Discuss how sending Americans to serve in other countries might help work toward world peace. 
  3. Show the map of the world and explain that in 1961, Sargent Shriver, the first director of the Peace Corps, worked hard to arrange for ten countries to accept Peace Corps Volunteers. (Students might be interested to know that Sargent Shriver, known as “Sarge” was John F. Kennedy’s brother-in-law.) They will use evidence from an historical document to identify the countries and learn information about the first Peace Corps projects.
  4. Distribute a hard copy or digitally present the document “Peace Corps, Press Release #80”. Analyze the document with students:
    • When was the document written? (January 1, 1962)
    • Who wrote the document? (Tom Mathews, Chief of Public Information for the Peace Corps)
    • Who is the document for? (Press releases are written to distribute to news media to share information.)
    • What is the document about? (It is an announcement about the number of Peace Corps Volunteers that are currently serving overseas, where they are, and what kind of work they are doing.)
    • Why was it written? (Perhaps to show how many Peace Corps Volunteers are already overseas even though the Peace Corps was launched only nine months before the document was created. It gives the public information about where Peace Corps Volunteers are working and what they are doing.)
    • Are there special markings? What might they mean?  There are several handwritten marks: 
      • At the top of the page, a handwritten note, “Dear Jack -- Thought this might interest you. Sarge” ''Sarge” is Sargent Shriver, the first Director of the Peace Corps, writing a note to his brother-in-law “Jack”, the nickname of the President. Perhaps he wanted to show the President how well the Peace Corps was doing after only nine months.
      • Handwritten note  “already overseas” next to the number of volunteers in each country. Perhaps Sargent Shriver made this mark, too. OR the president? 
      • The text about additional projects is underlined, perhaps also by Sargent Shriver. OR the president?
        See The First 9 Peace Corps Projects as a teacher resource for descriptions of the Peace Corps projects.
  5. Explain that students will use the evidence in the document to make the map into a Peace Corps teaching tool. 
    • Discuss the key, using the symbol to explain what the Peace Corps project entailed. (For example, the symbol of a rake for agricultural development shows that volunteers helped with farming.)
    • Have students color the countries listed in the document, using the key to select the color that corresponds to the project(s) that took place in that county. (Some countries have more than one type of project so they will have more than one color. Students may only be able to draw a line or dot on small countries like St. Lucia.)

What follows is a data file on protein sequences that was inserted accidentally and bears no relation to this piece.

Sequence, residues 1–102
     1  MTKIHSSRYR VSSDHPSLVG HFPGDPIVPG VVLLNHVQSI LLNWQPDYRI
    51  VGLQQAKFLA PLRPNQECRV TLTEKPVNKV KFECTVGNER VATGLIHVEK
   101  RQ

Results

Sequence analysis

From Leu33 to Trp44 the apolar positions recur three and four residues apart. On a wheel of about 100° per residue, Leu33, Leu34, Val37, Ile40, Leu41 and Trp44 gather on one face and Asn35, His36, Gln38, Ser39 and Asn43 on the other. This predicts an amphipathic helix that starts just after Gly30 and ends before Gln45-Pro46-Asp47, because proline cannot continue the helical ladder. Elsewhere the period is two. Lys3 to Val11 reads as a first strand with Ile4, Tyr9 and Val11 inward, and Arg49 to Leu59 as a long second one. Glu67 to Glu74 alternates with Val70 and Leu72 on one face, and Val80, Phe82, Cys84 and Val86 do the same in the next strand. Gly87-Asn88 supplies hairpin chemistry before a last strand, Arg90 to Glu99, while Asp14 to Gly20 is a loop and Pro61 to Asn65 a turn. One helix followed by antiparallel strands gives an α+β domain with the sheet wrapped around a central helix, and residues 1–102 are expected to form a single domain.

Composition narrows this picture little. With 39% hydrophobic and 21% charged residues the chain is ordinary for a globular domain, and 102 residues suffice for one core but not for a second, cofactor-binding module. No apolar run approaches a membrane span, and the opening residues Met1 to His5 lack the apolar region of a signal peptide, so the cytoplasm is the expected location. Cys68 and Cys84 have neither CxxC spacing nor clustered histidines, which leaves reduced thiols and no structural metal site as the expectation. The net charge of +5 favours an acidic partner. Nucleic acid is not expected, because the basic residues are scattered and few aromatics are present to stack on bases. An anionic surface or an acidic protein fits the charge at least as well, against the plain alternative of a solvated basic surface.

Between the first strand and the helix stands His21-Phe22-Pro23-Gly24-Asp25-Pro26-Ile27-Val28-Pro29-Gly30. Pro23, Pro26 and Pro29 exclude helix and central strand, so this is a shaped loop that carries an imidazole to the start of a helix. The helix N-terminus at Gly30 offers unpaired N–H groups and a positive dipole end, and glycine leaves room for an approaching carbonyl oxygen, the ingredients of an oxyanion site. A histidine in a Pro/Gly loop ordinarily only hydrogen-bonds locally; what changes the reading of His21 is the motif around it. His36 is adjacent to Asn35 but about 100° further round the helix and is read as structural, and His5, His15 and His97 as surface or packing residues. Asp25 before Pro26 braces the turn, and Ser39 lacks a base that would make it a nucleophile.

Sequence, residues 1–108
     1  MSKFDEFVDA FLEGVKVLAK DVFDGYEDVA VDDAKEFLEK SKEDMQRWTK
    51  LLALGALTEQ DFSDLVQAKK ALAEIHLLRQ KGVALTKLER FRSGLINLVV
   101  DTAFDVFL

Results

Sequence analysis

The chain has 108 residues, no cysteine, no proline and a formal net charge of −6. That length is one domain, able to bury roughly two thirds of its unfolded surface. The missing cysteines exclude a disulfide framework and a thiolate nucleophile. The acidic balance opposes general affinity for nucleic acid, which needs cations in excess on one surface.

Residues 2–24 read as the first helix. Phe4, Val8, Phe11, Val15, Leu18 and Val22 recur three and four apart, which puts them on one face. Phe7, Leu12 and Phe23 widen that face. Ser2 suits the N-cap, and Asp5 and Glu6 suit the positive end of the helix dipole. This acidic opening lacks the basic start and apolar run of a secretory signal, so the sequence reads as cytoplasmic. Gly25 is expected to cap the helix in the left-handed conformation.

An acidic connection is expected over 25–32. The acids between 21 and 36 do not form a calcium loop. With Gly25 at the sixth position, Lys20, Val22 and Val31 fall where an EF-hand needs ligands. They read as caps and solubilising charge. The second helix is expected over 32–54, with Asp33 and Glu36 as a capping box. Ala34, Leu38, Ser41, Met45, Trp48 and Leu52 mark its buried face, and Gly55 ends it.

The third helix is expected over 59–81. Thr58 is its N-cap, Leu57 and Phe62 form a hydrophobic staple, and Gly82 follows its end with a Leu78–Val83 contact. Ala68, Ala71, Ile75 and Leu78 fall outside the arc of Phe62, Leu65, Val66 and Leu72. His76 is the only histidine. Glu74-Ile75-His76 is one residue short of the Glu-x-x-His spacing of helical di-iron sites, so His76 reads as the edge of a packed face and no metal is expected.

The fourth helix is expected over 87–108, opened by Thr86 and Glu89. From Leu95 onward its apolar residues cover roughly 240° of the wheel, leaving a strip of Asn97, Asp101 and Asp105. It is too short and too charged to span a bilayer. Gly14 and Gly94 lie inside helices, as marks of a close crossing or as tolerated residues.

• Discuss the map after it is finished: have students notice which continents had Peace Corps volunteers, which projects were most common, and why those particular projects might have been the focus in the first year of the Peace Corps. Additional questions might include: which country had the largest number of volunteers? Which had the fewest? What work might Peace Corps Volunteers have done in the different projects?


Read testimony from a current volunteer ( and write a paragraph to answer the question, “What can a person learn from being in the Peace Corps?”  

There are many stories to choose from but here are some suggested links:


Students can take the JFK Challenge using a free, immersive iPad mobile application from the John F. Kennedy Presidential Library and Museum. Users take Peace Corps training to learn Spanish and how to make building materials. They travel to a village in Colombia to build hospitals, dig waterways for clean drinking water, and get to know the local culture. The app features fun, kid-friendly animation combined with primary sources from the JFK Library’s Archives. Includes an Apollo 11 space challenge.

Explore the extensive resources of the  Paul D. Coverdell World Wise Schools program which fosters an understanding of other cultures and global issues by providing online educational resources based on the Peace Corps experience. It also facilitates communication among US learners and current and returned Peace Corps Volunteers.

Connections to Curriculum Standards

National Standards for Civics and Government

  • K-4, Standard 4: What is the relationship of the United States to other nations and to world affairs?

National History Standards:

  • Standard 2: Historical Comprehension 

Common Core State Standards

  • ELA College and Career Readiness Anchor Standards for Reading, Writing, Speaking and Listening, and Language
  • ELA – Reading Informational Texts, Writing, Speaking and Listening, Language, and Literacy in History/Social Studies for grades 6 - 12

C3 Framework for Social Studies State Standards

  • Discipline 1 - Developing questions and planning inquiries;
  • Discipline 2 - Applying disciplinary concepts and tools (History and Civics)
  • Discipline 3 - Evaluating sources and using evidence; and
  • Discipline 4 - Communicating conclusions and taking informed action

Massachusetts History and Social Studies Framework

  • Grade 2 Topic 1: Reading and Making Maps
  • Grade 2 Topic 2: Geography and its Effect on People
  • Grade 4 Topic 4: Civics in the Context of Geography: Countries and Governments
  • Grade 6 Topic 4: Sub-Saharan Africa
  • Grade 6 Topic 5: Central America, the Caribbean Islands, and South America
  • Grade 7 Topic 1: Central and South Asia
  • Grade 7 Topic 2: East Asia
  • Grade 7 Topic 3: Southeast Asia and Oceania

Massachusetts English Language Arts Framework

  • Reading, Writing, Speaking and Listening, and Language